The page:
No. 440 April Term, 1978, Appeal from the Order of the Court of Common Pleas of Somerset County, Pennsylvania, at No. 150 Civil 1976, Civil Action-Law
James B. Yelovich, Somerset, for appellant.
Eugene E. Fike, II, Somerset, for appellees.
Van der Voort, Spaeth and Montgomery, JJ.
This is an action in trespass which arose as a result of a truck-pedestrian accident that occurred on September 5, 1974 on Legislative Route 601, Boswell Borough, Somerset County, Pennsylvania. The defendant-appellant, Jeffrey L. Gibson, was the operator of a pick-up truck owned by
defendant, T. H. Nelson, which struck and injured four-year-old Michael Lee Lamb who was crossing the road, resulting in serious injuries and substantial medical expense. Trespass actions were brought by his parents on behalf of the minor boy and themselves against Jeffrey L. Gibson and T. H. Nelson. Subsequently, upon stipulation of the parties, the Court granted Nelson's Motion for Summary Judgment on August 4, 1977.
The case was tried before a jury in the Court of Common Pleas of Somerset County on September 12, 13, 14 and 15, 1977, Judge Norman A. Shaulis presiding. The jury returned a verdict in favor of the defendant-appellant, Jeffrey L. Gibson, in these words: "We find the defendant, Jeffrey Gibson, not guilty to the charge of negligence." The appellees moved for judgment n. o. v. or a new trial. The trial judge, with the concurrence of President Judge Coffroth, filed an Opinion and entered an Order dated November 29, 1977, denying the motion for judgment n. o. v., but granting the motion for a new trial. The defendant-appellant, Gibson, has appealed from the Order granting a new trial.
The accident out of which this litigation arose occurred on September 5, 1974 at about 3:30 p.m. The weather was clear and visibility was normal. The appellant was operating a 1973 model Ford pick-up truck in a northerly direction on Route 601 in Boswell Borough, Somerset County. Route 601 is a two lane highway extending generally in a northerly-southerly direction at the location involved in the accident. Route 601 curves to the right shortly before the Boswell Borough limits, approximately one and one-half to two miles north of its intersection with Route 30. As a driver going in a northerly direction rounds this curve, he enters a slight dip in the grade of the road, which is followed by a slight gradual upgrade to the crest of the grade some three hundred fifty feet distant. At the crest of the grade, Route 601 intersects with Atlantic Avenue. A 35 m. p. h. speed limit sign is posted on the northeasterly corner of the intersection (i. e., on the right hand side of the road to a driver going north). At this intersection, Route 601 begins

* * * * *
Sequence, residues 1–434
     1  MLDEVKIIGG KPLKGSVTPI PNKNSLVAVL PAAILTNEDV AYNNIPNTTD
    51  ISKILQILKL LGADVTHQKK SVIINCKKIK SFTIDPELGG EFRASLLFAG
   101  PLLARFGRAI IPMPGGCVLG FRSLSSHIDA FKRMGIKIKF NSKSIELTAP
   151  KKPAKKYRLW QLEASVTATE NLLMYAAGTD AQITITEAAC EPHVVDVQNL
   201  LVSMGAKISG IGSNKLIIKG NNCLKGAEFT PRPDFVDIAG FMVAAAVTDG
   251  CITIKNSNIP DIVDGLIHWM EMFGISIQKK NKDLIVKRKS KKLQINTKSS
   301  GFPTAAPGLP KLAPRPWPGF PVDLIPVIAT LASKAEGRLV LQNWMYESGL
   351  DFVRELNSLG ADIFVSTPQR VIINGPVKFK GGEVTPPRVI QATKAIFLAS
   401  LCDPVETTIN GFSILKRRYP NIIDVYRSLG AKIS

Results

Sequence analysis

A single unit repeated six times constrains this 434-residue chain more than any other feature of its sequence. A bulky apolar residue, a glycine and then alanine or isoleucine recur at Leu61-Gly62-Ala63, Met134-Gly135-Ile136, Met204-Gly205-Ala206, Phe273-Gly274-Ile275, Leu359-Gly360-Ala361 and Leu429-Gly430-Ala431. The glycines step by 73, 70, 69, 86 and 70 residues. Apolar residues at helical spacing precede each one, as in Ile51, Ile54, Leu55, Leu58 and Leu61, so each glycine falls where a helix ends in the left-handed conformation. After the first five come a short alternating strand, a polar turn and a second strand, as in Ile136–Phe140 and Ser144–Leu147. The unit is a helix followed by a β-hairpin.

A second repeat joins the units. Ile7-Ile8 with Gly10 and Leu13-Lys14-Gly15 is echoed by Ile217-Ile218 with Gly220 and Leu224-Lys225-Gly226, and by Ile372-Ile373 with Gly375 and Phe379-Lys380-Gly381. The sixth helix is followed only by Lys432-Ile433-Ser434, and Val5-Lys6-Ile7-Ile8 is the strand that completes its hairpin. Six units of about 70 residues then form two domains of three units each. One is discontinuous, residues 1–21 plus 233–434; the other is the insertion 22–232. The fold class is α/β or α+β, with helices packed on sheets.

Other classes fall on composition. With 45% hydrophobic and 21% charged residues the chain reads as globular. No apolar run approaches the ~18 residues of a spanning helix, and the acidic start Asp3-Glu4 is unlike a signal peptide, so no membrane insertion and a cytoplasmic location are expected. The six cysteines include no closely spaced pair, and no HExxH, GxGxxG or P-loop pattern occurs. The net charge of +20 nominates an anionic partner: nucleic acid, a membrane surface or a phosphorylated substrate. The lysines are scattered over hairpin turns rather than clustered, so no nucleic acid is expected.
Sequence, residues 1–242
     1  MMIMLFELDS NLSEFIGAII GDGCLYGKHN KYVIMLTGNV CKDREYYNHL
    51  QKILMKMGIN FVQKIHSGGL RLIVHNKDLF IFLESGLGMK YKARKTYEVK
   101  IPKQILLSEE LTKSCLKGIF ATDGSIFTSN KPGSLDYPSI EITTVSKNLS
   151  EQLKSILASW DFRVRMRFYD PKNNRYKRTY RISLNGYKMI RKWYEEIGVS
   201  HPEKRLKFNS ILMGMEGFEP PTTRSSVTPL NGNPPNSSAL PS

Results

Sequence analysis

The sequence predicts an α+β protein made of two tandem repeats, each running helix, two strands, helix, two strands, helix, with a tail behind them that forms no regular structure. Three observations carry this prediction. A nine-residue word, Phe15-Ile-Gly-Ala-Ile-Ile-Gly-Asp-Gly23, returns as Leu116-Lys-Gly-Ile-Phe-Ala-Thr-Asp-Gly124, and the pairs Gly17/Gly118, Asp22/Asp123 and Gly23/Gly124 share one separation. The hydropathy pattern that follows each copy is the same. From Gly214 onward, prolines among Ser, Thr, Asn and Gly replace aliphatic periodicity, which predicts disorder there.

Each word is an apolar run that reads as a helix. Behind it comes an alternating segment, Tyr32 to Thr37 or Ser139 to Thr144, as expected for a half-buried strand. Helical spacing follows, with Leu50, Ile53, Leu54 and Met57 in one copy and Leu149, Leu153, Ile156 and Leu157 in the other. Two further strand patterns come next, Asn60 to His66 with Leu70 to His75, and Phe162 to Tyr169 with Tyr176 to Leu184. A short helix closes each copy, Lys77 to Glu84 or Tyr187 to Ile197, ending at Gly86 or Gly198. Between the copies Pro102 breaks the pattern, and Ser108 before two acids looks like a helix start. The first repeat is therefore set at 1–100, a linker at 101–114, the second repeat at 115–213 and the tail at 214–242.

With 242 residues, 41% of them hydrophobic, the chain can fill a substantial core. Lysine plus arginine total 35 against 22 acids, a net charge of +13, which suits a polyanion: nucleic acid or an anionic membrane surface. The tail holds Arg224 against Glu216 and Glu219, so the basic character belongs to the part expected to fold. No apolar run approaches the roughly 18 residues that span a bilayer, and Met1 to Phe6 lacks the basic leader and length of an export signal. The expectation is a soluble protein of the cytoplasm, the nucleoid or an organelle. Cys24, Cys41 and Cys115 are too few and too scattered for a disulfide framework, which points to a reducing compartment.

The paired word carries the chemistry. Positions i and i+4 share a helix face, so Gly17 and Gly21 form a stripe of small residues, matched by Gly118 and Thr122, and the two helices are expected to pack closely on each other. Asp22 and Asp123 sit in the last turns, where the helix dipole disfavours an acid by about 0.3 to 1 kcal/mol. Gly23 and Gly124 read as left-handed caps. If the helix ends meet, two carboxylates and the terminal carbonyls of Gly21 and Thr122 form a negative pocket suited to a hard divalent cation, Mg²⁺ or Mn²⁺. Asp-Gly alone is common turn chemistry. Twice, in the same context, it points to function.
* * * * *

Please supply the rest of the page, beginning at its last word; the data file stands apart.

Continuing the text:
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to slope downward as it continues northward to the next intersection of Route 601 and Mexico Street, and gradually levels off northward as it proceeds into Boswell Borough proper. The highway is of asphalt composition, has two lanes, is twenty-four feet wide and is straight.
There is no dispute as to the circumstances of the accident. The appellant, then nineteen years of age, was traveling north on that portion of Route 601 previously described. As he rounded the curve at the foot of the grade, he saw two small boys some 350 feet ahead of him at or near the crest of the slope. They appeared to be running across the road from its right-hand or the easterly side to the left-hand or westerly side. Appellant testified that he was traveling about 35 m. p. h. from the time he first saw the boys until he hit Michael and that he did not pay any attention to the boys after they crossed the first time. He continued toward the crest of the grade where he had seen the boys, but testified that he did not see them again until he came over the crest of the grade and then saw the boys running back across the highway from west to east, approximately 45 to 50 feet in front of his truck. He applied his brakes but could not stop before hitting Michael Lamb. The boy was almost directly in front of the truck in the northbound lane when appellant saw him. It was not a "dart out" case, for the boys were already in the middle of the road when appellant saw them as he approached the crest. Appellant testified that Michael seemed to "freeze" in front of the truck, while the other boy kept running and escaped injury. He testified that the boys were 45 to 50 feet in front of him when he first saw them as he ...